For supporting the carriage on the wheel and axle assemblies 13, 14, the side trucks are provided at their opposite ends with semi-circular recesses 36 and 37 which are adapted to overlie the eccentric bearing cages 30. A retaining strap 33, also having a semi-circular face is bolted to the truck frame to completely retain the eccentric bearing cage 30. It will be understood that rotation of the eccentric bearing cage 30 in the recess 36, for example, will adjustably position the axle 23. To lock the bearing cage 30 against accidental rotation at the selected position in the recess 36, a key 39 is bolted to the face of the recess to engage one of a plurality of transverse keyways 40 which are cut in the periphery of the bearing cage.
To move the crane bridge carriage 10 along the rails '15, 16, a driving mechanism indicated generally at 45 is secured to the carriage on a platform 46. In the present instance, a single drive mechanism is connected to the front Wheel and axle assemblies 13, but it will be appreciated that a second drive mechanism could be installed at the rear of the carriage, if desired. The drive mechanism 45 includes an electric motor 47 having a drive shaft 48 coupled to an input shaft 49 of a gear train enclosed within a housing 50. The opposite end of the motor shaft 48 is provided with a brake device 51 and the gear train input shaft 49 extends through the housing 50 and is also provided with a brake device 52. The brakes 51, 52 are, of course, operable to resist rotation of their. respective shafts and thereby serve to stop the rolling movement of the carriage 10.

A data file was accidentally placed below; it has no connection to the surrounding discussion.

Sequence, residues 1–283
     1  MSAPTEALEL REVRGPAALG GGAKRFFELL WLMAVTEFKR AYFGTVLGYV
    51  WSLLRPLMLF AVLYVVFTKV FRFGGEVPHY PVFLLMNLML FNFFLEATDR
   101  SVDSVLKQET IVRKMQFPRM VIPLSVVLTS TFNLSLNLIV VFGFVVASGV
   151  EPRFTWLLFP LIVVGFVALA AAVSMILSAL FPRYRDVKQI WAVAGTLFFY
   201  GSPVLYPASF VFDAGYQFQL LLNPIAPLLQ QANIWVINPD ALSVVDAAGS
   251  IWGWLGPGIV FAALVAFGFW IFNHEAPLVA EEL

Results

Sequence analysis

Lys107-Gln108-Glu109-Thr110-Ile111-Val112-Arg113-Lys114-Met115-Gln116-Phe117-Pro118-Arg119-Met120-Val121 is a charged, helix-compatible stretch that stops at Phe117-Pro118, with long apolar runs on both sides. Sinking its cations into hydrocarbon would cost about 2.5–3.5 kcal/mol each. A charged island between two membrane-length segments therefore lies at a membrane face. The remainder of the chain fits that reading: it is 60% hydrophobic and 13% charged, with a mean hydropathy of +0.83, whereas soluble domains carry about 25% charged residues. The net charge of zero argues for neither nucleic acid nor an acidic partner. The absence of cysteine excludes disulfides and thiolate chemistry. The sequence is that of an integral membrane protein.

The gear train has dual-output shafts 53 which project laterally from the sides of the housing 50 and each output shaft is connected to a floating drive shaft 54 by a universal coupling element 55. A second universal coupling element 56 connects the drive shaft 54 to a stub shaft 57 formed integrally with the axle 23 of each of the front wheel and axle assemblies 13. Thus, it will be appreciated that the floating drive shaft 54 and universal couplings make it possible to drive the front wheel and axle assemblies 13 even when they are slightly tilted to equalize the supported load on uneven rails. 15, 16.
It will also be understood by those skilled in this art that spherical roller bearings 24, 28 of the type illustrated have an imaginary center point which defines the origin of three mutually perpendicular intersecting axes. These axes are respectively: a horizontal rotating axis generally concentric with the bearing and extending substantially perpendicular from the frame 12; a horizontal tilting axis extending through the bearing at right angles to the rotating axis; and a vertical skewing axis extending through the hearing at right angles to both the rotating axis and the tilting axis. Therefore, not only does the spherical bearing permit free rotation of the wheel and axle assembly, but it also allows limited universal pivoting movement of the assembly in the form of tilting movement in a general vertical plane and skewing or twisting movement in a generally horizontal plane.
In accordance with the present invention, the wheel and axle assemblies 13, 14 are provided with means for limiting skewing movement of the wheelsv so that frictional forces between the wheels and the supporting rails are minimized. In both of the two illustrated embodiments, the limiting means includes a restraining member secured to the frame 12 and extended downwardly with one enddisposed a spaced distance from the bearing .center point substantially in the horizontal plane defined by the intersecting rotating and tilting axes. Preferably the lower end of the restraining member includes friction reducing means in the form of a bearing element for engaging the wheel and axle assembly which permits rotation and tilting movement but limits skewing movement so that the Wheel and axle assemblies do not bind on the rails.